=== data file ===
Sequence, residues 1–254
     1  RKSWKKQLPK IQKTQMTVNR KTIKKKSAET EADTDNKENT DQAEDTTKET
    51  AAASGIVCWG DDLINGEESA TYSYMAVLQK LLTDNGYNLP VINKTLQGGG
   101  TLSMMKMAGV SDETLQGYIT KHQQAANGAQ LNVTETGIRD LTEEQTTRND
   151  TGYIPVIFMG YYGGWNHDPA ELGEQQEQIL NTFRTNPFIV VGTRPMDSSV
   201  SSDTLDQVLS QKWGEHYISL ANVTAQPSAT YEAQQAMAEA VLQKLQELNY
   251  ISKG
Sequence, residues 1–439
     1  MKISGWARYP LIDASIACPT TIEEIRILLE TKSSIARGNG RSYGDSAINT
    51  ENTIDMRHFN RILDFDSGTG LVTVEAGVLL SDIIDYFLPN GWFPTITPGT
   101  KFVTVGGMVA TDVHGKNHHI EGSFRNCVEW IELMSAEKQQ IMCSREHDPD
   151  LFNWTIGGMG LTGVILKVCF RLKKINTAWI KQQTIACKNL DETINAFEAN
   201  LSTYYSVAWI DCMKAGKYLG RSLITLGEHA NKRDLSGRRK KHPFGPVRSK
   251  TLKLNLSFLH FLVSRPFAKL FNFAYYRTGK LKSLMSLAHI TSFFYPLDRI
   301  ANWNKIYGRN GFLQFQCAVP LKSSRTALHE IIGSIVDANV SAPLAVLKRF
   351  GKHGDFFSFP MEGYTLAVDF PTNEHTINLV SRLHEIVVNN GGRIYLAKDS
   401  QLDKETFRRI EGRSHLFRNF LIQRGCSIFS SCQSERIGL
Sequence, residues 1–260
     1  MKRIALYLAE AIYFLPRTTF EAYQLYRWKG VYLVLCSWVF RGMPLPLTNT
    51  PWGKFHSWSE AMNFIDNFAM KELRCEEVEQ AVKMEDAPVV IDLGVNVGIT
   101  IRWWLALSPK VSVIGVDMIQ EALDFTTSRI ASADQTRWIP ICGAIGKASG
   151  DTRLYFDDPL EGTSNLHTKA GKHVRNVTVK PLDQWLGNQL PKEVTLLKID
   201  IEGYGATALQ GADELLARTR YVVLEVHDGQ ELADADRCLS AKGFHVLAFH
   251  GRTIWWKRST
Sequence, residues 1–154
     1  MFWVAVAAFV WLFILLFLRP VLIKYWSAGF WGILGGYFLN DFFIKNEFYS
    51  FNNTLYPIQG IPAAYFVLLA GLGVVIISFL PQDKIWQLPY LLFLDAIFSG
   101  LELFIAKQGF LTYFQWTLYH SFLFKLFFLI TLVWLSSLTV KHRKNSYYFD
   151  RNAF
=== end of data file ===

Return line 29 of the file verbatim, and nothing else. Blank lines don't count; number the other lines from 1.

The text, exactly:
   151  RNAF